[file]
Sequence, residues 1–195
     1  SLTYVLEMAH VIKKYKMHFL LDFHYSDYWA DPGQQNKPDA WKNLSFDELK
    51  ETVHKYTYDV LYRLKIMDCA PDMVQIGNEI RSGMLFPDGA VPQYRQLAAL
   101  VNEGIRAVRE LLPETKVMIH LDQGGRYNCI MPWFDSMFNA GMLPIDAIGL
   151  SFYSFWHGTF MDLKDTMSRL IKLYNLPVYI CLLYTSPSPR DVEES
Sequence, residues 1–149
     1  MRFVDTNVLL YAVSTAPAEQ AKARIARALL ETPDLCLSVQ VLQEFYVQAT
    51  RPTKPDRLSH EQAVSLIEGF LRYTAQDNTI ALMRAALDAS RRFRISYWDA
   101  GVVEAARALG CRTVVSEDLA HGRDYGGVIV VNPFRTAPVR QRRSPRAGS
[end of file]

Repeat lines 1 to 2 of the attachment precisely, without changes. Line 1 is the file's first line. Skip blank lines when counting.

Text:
Sequence, residues 1–195
     1  SLTYVLEMAH VIKKYKMHFL LDFHYSDYWA DPGQQNKPDA WKNLSFDELK